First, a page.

Terry Engelder and David Yoxtheimer use the film "Promised Land" as the hook for their Jan. 17 Perspectives piece "Marcellus Shale, Movie Star," so it's ironic that there is more fiction, myth and slick stereotyping from these supposedly objective academicians than is found in Matt Damon's movie script.
They sneak an innuendo into their piece about the movie's investors, without mentioning that their own Marcellus Center for Outreach and Research in the Earth and Environmental Systems Institute at Penn State is funded by shale gas corporations such as Chesapeake Energy, Shell and Norway's Statoil.
They tout energy independence as a benefit from fracking, hiding the fact that those multinational energy companies are already planning to send Pennsylvania's natural gas to Europe and Asia, where it will fetch up to four times the price now paid by Americans.
They praise natural gas as cleaner-burning, burying the evidence that shale gas methane, emitted while getting that gas to the burner, does far greater damage to our climate than carbon dioxide from the flame itself.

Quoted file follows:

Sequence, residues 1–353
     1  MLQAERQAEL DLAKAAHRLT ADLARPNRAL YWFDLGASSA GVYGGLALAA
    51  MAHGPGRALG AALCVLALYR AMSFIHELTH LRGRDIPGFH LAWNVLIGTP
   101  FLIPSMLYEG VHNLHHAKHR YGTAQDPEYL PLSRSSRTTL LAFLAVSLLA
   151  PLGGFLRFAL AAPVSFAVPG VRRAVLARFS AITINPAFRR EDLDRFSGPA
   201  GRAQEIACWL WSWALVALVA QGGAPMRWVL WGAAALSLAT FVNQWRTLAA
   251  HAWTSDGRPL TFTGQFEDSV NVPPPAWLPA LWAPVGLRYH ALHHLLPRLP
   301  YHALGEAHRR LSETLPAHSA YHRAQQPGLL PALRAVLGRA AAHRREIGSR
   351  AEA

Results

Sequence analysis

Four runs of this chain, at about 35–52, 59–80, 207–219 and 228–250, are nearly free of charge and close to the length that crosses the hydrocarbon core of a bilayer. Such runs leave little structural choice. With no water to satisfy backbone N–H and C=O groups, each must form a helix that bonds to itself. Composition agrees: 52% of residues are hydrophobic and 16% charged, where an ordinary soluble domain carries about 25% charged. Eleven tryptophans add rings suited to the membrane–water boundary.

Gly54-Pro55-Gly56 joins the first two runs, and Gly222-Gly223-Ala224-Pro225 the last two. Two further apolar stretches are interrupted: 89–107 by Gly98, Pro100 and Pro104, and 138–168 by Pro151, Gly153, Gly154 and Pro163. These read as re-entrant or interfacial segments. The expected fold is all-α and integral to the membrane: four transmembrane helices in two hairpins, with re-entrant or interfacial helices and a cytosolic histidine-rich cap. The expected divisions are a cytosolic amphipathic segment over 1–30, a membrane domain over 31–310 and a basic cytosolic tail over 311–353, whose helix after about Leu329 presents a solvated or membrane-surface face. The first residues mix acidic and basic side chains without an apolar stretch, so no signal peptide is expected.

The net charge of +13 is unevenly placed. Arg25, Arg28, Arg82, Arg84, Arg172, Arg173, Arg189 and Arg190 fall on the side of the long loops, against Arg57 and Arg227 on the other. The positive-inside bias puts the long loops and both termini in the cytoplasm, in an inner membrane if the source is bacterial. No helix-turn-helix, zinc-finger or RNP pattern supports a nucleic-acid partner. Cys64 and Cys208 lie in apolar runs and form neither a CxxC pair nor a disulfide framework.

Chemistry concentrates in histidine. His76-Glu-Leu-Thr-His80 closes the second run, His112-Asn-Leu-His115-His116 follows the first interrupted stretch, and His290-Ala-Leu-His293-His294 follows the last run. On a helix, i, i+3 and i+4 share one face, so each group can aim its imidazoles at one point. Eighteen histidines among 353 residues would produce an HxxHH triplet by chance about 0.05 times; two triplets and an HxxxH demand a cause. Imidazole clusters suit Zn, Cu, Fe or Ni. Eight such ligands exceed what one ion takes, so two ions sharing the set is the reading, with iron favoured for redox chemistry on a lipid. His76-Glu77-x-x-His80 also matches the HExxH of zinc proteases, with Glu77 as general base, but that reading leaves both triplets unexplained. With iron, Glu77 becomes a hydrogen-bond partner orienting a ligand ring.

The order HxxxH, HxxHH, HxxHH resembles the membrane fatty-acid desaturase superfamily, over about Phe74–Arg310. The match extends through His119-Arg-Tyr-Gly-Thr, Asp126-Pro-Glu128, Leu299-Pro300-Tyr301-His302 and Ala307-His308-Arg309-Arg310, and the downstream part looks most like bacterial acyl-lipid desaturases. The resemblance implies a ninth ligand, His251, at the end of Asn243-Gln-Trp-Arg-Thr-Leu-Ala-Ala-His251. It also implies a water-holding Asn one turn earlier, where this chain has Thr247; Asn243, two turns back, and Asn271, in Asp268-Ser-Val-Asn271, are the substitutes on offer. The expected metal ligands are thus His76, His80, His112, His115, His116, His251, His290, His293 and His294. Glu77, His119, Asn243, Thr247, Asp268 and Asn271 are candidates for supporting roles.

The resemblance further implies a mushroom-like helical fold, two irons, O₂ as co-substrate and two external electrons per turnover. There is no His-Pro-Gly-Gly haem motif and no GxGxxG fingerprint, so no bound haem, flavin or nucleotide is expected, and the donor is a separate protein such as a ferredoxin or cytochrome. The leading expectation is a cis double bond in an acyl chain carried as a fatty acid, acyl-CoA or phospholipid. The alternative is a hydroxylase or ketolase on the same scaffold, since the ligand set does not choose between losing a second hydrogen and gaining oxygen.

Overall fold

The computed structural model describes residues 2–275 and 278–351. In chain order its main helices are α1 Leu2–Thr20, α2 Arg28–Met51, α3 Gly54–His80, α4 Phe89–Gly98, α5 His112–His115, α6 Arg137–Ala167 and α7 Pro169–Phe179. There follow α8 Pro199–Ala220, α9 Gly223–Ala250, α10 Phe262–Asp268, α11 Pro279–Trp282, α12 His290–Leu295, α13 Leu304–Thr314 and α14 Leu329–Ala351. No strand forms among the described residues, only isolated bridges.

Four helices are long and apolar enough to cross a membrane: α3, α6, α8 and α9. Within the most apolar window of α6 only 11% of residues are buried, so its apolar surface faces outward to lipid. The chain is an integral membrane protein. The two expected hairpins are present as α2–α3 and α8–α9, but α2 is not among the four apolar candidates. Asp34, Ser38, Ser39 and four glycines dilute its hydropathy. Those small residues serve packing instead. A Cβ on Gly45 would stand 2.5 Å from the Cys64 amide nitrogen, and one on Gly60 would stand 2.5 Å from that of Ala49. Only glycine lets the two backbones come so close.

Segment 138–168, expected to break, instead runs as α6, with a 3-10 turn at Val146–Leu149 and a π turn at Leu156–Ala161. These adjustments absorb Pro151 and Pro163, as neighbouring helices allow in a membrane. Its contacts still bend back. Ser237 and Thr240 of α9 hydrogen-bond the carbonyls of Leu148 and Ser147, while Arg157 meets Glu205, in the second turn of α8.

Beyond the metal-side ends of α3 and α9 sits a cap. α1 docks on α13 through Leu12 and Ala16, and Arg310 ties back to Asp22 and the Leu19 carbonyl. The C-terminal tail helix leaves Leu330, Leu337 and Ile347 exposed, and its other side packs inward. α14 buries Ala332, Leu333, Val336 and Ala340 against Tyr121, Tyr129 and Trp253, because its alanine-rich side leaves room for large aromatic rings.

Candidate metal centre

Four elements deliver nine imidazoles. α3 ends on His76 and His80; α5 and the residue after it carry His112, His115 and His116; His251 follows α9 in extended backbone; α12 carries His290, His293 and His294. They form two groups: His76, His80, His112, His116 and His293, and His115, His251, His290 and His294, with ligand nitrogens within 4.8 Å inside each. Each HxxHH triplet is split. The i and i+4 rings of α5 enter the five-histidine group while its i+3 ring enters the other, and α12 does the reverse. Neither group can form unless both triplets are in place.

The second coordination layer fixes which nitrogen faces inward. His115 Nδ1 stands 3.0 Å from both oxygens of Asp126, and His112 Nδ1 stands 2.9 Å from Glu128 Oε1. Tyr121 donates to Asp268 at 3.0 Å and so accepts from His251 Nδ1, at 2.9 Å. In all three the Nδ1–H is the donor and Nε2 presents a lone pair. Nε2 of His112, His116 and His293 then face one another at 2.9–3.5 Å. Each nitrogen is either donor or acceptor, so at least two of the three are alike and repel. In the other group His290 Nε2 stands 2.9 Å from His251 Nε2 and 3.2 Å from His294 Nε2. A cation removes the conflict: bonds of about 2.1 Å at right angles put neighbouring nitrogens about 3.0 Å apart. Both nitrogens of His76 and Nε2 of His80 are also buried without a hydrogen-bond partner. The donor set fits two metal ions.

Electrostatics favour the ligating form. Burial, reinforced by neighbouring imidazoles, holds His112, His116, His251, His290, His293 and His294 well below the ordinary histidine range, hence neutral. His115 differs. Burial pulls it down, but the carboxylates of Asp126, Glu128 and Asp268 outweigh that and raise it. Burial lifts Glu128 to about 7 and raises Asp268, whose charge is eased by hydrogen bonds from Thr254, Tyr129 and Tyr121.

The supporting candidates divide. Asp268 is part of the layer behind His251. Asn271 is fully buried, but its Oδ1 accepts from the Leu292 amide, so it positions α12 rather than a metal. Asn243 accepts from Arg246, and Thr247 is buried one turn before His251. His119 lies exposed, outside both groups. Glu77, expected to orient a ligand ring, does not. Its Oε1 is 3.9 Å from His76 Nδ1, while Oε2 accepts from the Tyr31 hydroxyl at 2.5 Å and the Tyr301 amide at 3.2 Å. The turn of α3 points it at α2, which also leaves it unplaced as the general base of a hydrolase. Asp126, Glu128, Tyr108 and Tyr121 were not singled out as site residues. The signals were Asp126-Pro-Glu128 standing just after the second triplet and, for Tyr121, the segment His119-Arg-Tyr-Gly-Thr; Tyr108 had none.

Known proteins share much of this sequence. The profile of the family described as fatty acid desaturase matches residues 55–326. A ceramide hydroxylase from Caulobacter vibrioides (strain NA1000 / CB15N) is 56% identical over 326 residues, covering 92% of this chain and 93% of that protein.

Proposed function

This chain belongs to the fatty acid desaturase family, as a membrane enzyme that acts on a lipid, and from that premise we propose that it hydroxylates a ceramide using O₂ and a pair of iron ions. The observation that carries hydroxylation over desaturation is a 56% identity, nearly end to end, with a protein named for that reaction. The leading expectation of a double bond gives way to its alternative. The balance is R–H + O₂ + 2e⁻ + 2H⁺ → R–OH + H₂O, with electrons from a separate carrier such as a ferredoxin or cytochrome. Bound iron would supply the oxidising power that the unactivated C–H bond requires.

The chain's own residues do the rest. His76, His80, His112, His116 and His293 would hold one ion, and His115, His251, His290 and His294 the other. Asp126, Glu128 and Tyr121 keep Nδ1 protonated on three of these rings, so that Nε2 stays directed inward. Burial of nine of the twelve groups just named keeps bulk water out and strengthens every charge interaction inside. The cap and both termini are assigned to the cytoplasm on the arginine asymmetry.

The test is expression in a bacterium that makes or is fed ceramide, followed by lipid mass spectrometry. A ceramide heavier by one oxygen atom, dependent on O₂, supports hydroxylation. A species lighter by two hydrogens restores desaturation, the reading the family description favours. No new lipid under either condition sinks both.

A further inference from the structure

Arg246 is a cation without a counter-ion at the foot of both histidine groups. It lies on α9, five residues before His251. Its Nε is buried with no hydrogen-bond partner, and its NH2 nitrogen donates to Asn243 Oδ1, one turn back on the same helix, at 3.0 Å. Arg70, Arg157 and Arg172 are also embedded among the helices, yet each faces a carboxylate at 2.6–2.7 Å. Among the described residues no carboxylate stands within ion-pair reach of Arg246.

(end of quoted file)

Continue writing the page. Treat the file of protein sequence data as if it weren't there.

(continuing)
They credit Pennsylvania's Act 13 impact fee as new revenue for communities, ignoring the actual impact on those communities (and Act 13's hopelessly inadequate compensation): not only damage to their infrastructure, their economies, their public health and safety, but also the anti-democratic impact of the act's preemption of municipal governments.
They offer shale gas as "'a means to wean ourselves off our carbon-heavy habits" at the same time that shale gas -- artificially cheap and incredibly destructive -- is becoming the crack cocaine of all fossil fuels.
They conclude by accusing the filmmakers of suggesting that the "gas industry lies to manipulate the public," while using their university affiliation to do just that.
The movie "Promised Land" doesn't pretend to be a documentary, but it does ask the right question: When our land has been made unlivable, where will we go?
JOHN S. DETWILER